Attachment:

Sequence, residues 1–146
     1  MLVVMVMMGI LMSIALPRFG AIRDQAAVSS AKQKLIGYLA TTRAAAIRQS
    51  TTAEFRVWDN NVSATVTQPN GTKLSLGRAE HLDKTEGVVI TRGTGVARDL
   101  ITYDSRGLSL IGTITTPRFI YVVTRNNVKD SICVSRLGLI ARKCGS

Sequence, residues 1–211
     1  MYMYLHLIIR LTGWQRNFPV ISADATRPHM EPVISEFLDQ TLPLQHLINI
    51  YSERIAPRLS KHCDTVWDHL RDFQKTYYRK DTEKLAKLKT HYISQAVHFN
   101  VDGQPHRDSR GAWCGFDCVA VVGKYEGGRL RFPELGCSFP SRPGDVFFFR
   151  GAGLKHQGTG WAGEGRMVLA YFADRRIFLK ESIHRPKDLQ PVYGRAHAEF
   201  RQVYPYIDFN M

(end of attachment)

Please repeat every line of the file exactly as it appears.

Sequence, residues 1–146
     1  MLVVMVMMGI LMSIALPRFG AIRDQAAVSS AKQKLIGYLA TTRAAAIRQS
    51  TTAEFRVWDN NVSATVTQPN GTKLSLGRAE HLDKTEGVVI TRGTGVARDL
   101  ITYDSRGLSL IGTITTPRFI YVVTRNNVKD SICVSRLGLI ARKCGS

Sequence, residues 1–211
     1  MYMYLHLIIR LTGWQRNFPV ISADATRPHM EPVISEFLDQ TLPLQHLINI
    51  YSERIAPRLS KHCDTVWDHL RDFQKTYYRK DTEKLAKLKT HYISQAVHFN
   101  VDGQPHRDSR GAWCGFDCVA VVGKYEGGRL RFPELGCSFP SRPGDVFFFR
   151  GAGLKHQGTG WAGEGRMVLA YFADRRIFLK ESIHRPKDLQ PVYGRAHAEF
   201  RQVYPYIDFN M